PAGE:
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Indian Pediatr. 2008 Apr;45(4):285-94.

Hypotension in preterm infants.

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Neonatal Unit, Liverpool Womens Hospital, Crown Street, Liverpool, United Kingdom L8 7SS.



Hypotension is a frequent occurrence in sick preterm neonates. It is important to appropriately recognise and treat hypotension in preterm infants due to the possible association with short and long term adverse outcomes.


An extensive search for relevant articles was carried out on PubMed, Embase and Cochrane database of systematic reviews. Cross references were hand searched.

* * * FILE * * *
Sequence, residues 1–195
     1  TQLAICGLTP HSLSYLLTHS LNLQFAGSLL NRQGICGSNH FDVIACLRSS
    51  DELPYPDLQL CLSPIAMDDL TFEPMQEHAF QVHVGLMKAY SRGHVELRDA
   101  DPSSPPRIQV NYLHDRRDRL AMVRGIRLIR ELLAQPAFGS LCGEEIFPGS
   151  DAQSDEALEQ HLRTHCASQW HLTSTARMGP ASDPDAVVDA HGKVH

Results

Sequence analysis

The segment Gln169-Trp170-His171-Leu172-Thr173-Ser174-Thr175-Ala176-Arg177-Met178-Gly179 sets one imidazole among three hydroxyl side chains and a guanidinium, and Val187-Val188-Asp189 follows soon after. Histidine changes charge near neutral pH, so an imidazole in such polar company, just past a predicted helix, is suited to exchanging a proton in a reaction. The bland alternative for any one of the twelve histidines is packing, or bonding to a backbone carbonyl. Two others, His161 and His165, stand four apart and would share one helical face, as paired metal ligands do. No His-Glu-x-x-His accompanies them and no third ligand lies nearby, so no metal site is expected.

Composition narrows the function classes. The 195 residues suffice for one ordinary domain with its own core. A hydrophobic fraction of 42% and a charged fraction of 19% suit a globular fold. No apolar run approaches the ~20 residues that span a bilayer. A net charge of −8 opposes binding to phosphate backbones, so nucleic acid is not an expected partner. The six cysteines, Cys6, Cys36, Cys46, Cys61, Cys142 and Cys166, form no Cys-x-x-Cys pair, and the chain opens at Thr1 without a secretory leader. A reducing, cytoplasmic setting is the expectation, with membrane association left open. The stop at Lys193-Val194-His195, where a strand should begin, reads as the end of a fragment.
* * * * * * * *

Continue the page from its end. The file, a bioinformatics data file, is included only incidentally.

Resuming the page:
The pathophysiology hypotension in preterm infants is multifactorial. Hypovolemia plays only a minor role in the absence of overt fluid losses. Cardiac dysfunction seems to be a factor in some neonates. Assessment of hypotension should be based on an overall clinical condition. Overzealous fluid administration seems to be associated with adverse outcomes and should be avoided in the absence of obvious fluid losses. Inotropes should be used if fluid boluses fail to correct hypotension. Dopamine is the most effective inotrope. Dobutamine can be used as add on therapy or as first line if cardiac dysfunction is an obvious cause. Evidence points to hypocortisolism in at least some hypotensive infants. Steroids have been used successfully in inotrope-resistant hypotension in some infants. Steroids should be used judiciously since there have been concerns about adverse neurological outcome in preterm infants who received steroids in the neonatal period.

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